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Art has always been the subject of art! Michelangelo copied antique sculptures, Rubens paraphrased Titian, Magritte ironised Manet. With true obsession, Picasso reproduced pictures by Cranach, while Arnulf Rainer obsessively painted over reproductions after Vincent van Gogh. In one action with paint and brush, he also attacked the paintings of colleagues.

The countless replicas in art history reveal a lot about the concepts and intentions of their creators: Peter Paul Rubens, for example, tried to appropriate the manner of Titian, whom he admired, even revered. Arnulf Rainer, on the other hand, attacked the artistic artefacts, the overpaintings aiming to erase the models. 20th century artists in particular were not free of "arbitrariness, aggression and parody" in their appropriations; Arnulf Rainer is by no means an isolated case with his attacks!

Like countless painters before him, Bruno Griesel also dealt intensively with history - but there is no trace of parody or aggression in his work: quite the opposite. Full of curiosity, he turned to famous colleagues of the past; a kind of empathy seems to drive him in his pictorial actualisations. However, his variations and alterations of well-known works of art, his pictorial paraphrases are by no means a harmless game: the reference back to art history is rather rooted in a very personal history of suffering. Central to his art of transformation is the intense homage to the 18th century. He calls his project "Rococo", which he began in 2005 - and which now comprises numerous paintings.

Der gute Hirte | 2007 | 160 x 100 cm | Öl auf Leinwand
Pierrot mit Vögelchen | 2008 | 160 x 110 cm | Öl auf Leinwand

The 'entrée' of Bruno Griesel's 'Rococo' project is the 'Barberine Faun', a sculpture of an intoxicated sleeping satyr, which is considered a major work of Hellenistic Greek art. Brought to Rome in antiquity, the satyr served as a fountain figure in a Roman villa garden. Excavated in the early 17th century near Castel Sant'Angelo, the Barberini Pope Urban VIII had it installed in the family palace on the Quirinal. King Ludwig I of Bavaria succeeded in acquiring the famous sculpture in 1820.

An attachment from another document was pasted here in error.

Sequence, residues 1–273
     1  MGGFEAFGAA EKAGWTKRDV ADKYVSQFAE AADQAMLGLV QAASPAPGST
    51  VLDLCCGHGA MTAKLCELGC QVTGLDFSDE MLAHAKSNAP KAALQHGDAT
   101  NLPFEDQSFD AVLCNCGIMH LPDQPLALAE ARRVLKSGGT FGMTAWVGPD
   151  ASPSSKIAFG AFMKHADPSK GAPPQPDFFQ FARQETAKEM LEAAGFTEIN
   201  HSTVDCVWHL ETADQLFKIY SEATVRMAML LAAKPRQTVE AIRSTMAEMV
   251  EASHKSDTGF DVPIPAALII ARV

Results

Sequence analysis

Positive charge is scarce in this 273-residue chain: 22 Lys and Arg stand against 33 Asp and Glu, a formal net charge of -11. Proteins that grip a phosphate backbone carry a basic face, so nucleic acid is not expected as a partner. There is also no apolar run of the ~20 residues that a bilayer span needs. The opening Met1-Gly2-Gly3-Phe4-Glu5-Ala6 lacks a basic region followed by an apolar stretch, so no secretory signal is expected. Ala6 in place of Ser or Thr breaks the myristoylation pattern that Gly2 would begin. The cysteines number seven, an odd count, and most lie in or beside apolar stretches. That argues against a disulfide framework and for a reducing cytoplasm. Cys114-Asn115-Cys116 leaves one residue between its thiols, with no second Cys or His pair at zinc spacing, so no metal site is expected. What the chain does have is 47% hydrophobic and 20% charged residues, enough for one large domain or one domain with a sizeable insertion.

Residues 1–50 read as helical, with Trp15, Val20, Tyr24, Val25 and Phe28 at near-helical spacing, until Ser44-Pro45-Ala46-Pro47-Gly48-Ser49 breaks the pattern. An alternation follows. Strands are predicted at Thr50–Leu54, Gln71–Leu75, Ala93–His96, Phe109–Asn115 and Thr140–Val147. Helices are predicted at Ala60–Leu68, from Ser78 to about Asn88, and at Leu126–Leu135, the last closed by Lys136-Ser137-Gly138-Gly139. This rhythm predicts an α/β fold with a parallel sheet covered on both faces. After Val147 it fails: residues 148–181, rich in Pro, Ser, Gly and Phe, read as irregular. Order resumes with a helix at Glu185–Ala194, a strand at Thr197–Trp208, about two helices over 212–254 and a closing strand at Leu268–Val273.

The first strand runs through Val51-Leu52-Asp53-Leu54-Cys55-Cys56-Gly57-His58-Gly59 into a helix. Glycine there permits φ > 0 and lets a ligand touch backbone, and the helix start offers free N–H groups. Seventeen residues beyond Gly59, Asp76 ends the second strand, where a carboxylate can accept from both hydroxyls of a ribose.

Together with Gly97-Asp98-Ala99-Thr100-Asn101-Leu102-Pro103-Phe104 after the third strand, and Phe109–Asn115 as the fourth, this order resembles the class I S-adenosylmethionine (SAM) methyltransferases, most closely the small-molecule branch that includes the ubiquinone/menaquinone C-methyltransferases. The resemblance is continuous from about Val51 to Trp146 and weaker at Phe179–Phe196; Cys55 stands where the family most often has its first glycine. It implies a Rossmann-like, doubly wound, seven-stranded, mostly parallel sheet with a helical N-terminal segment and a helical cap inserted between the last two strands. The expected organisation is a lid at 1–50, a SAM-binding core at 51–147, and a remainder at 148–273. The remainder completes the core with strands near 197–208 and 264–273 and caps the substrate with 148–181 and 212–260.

Since 1830, the 'Barberini Faun' has been one of the great attractions of the Munich Glyptothek! Bruno Griesel has varied the antique sculpture and therefore included it in his 'Rococo' project because he refers to a copy by the great 18th century French sculptor - Edme Bouchardon (1698-1762) - which has been in the Louvre in Paris since 1892. Griesel's work is therefore a copy of a copy. The lush, swelling tendrils outside the frame on the left are intended to reinforce the "Rococo" reference. The most extensive part of his project is formed by the bal-lerines, graceful figures to which he has added quotations from famous horses, stags and unicorns from art history. With the dancers, Griesel suggests that ballet had its heyday in 18th-century France, before pointe dancing experienced a new high point in the Romantic full stop.

In ballet, the 18th century found a vivid symbol of the artificial, which had its indispensable counterpart in the natural. In the painting 'Autumn' Bruno Griesel shows this double nature of the "curlicue and shell" (Goethe) of the 18th century - a famous porcelain figure in the manner of Watteau. She is precious and at the same time wants to embody graceful simplicity. The gardener's group "Gardener and Boy" by Michel Victor Acier is fragmented and charmingly faceted by Griesel.